in order to accomplish a replay attack, both the sender and receiver in order to accomplish a replay attack, both the sender and receiver
keys, and the sender and receiver random numbers, in the MP_JOIN keys, and the sender and receiver random numbers, in the MP_JOIN
handshake (Section 3.2 would have to match. handshake (Section 3.2) would have to match.
Whilst this specification defines a "medium" security solution, Whilst this specification defines a "medium" security solution,
meeting the criteria specified at the start of this section and the meeting the criteria specified at the start of this section and the
threat analyis ([7]), since attacks only ever get worse, it is likely threat analyis ([8]), since attacks only ever get worse, it is likely
that a future standards-track version of MPTCP would need to be able that a future standards-track version of MPTCP would need to be able
to support stronger security. There are several ways the security of to support stronger security. There are several ways the security of
MPTCP could potentially be improved; some of these would be MPTCP could potentially be improved; some of these would be
compatible with MPTCP as defined in this document, whilst others may compatible with MPTCP as defined in this document, whilst others may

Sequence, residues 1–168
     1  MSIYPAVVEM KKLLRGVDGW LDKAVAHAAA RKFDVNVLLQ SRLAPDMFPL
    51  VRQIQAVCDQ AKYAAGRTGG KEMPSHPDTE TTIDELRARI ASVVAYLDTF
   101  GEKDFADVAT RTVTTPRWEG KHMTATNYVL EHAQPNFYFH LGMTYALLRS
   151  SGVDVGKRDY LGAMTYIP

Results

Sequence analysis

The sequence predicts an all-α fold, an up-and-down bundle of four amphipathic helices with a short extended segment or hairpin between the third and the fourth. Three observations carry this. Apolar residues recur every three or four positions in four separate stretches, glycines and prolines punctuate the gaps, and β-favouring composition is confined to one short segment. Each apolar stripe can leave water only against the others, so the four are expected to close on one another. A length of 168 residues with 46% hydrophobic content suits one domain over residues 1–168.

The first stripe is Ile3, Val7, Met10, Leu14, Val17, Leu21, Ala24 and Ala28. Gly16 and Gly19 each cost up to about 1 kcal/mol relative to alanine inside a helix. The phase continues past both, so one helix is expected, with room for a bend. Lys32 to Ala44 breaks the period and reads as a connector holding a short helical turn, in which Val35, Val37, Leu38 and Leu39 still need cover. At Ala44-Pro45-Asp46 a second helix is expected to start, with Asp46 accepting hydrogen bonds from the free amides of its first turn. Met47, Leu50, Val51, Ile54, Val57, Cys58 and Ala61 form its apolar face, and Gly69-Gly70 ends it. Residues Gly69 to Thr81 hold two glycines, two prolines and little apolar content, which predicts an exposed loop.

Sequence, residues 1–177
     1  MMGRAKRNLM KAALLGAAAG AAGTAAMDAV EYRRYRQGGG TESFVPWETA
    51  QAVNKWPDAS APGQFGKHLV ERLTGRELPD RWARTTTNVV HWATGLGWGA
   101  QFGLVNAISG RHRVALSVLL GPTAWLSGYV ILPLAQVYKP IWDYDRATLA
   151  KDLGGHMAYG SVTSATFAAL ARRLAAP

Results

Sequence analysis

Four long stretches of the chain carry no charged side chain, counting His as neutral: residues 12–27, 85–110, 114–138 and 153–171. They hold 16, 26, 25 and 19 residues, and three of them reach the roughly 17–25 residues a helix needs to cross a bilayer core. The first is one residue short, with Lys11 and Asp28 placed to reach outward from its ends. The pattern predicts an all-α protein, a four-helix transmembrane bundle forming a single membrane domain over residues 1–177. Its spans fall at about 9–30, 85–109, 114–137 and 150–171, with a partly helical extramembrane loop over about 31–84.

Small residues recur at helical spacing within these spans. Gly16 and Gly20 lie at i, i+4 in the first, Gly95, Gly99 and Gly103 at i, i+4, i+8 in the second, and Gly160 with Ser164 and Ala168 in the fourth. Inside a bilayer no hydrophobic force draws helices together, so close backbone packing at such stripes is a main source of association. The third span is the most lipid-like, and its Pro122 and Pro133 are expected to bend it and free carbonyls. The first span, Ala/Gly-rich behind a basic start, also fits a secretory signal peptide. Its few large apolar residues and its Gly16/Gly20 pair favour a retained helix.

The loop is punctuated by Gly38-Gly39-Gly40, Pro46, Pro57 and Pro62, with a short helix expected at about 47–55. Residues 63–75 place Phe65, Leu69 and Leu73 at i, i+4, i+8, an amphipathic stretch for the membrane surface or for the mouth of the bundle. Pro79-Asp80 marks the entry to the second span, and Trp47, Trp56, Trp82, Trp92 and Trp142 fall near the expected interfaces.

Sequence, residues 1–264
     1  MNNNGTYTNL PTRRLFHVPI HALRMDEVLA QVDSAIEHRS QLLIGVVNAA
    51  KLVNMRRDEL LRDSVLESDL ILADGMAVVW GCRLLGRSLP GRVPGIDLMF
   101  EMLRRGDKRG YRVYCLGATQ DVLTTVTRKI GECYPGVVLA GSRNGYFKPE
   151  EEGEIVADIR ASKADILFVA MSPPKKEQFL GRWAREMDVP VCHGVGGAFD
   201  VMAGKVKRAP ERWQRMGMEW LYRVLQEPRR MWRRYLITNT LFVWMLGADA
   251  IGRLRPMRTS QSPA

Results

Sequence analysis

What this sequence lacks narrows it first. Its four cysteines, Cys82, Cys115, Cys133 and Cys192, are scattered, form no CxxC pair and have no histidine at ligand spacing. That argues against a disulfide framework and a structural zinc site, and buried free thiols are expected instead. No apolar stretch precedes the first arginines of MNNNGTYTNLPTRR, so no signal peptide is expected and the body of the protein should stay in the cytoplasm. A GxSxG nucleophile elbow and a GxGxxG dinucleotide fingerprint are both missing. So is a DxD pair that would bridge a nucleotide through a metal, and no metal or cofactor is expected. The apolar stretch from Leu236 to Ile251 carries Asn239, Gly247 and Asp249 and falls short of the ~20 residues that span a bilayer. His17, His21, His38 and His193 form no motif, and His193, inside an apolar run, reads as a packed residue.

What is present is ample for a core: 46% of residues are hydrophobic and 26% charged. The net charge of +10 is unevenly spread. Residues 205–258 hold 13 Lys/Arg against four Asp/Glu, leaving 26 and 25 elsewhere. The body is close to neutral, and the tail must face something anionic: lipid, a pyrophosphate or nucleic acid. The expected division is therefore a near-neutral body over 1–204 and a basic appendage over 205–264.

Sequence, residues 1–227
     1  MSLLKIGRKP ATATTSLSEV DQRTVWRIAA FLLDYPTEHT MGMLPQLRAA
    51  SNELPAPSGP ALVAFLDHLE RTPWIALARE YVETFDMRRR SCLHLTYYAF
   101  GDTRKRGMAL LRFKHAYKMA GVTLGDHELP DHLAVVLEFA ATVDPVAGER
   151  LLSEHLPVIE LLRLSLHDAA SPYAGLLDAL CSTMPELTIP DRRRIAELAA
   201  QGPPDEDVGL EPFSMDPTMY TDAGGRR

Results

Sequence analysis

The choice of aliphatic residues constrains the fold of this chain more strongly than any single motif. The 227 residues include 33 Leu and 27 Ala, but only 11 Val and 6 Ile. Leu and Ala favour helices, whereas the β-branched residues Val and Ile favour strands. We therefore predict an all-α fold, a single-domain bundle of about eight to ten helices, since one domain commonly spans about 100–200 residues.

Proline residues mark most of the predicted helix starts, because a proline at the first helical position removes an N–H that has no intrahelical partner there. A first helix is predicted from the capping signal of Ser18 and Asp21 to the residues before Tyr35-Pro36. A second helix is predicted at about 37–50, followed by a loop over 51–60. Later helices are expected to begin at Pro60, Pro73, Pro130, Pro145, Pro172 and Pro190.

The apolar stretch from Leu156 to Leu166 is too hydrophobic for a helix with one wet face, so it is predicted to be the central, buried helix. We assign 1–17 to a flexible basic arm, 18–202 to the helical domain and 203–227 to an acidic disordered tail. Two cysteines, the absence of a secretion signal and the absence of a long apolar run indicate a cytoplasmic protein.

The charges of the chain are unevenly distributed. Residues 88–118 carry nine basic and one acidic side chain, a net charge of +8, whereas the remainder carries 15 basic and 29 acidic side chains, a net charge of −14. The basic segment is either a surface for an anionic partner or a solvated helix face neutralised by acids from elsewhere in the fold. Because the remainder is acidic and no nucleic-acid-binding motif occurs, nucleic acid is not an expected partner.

not be. For now, the best approach is to get experience with the not be. For now, the best approach is to get experience with the
current approach, establish what might work and check that the threat current approach, establish what might work and check that the threat
analysis is still accurate. analysis is still accurate.
Possible ways of improving MPTCP security could include: Possible ways of improving MPTCP security could include:
o defining a new MPCTP cryptographic algorithm, as negotiated in o defining a new MPCTP cryptographic algorithm, as negotiated in
MP_CAPABLE. A sub-case could be to include an additional MP_CAPABLE. A sub-case could be to include an additional
deployment assumption, such as stateful servers, in order to allow deployment assumption, such as stateful servers, in order to allow
a more powerful algorithm to be used. a more powerful algorithm to be used.
o defining how to secure data transfer with MPTCP, whilst not o defining how to secure data transfer with MPTCP, whilst not
changing the signalling part of the protocol. changing the signalling part of the protocol.
o defining security that requires more option space, perhaps in o defining security that requires more option space, perhaps in
conjunction with a "long options" proposal for extending the TCP conjunction with a "long options" proposal for extending the TCP
options space (such as those surveyed in [17]), or perhaps options space (such as those surveyed in [19]), or perhaps
building on the current approach with a second stage of MPTCP- building on the current approach with a second stage of MPTCP-
option-based security. option-based security.
o re-visiting the working group's decision to exclusively use TCP o re-visiting the working group's decision to exclusively use TCP
options for MPTCP signalling, and instead look at also making use options for MPTCP signalling, and instead look at also making use
of the TCP payloads. of the TCP payloads.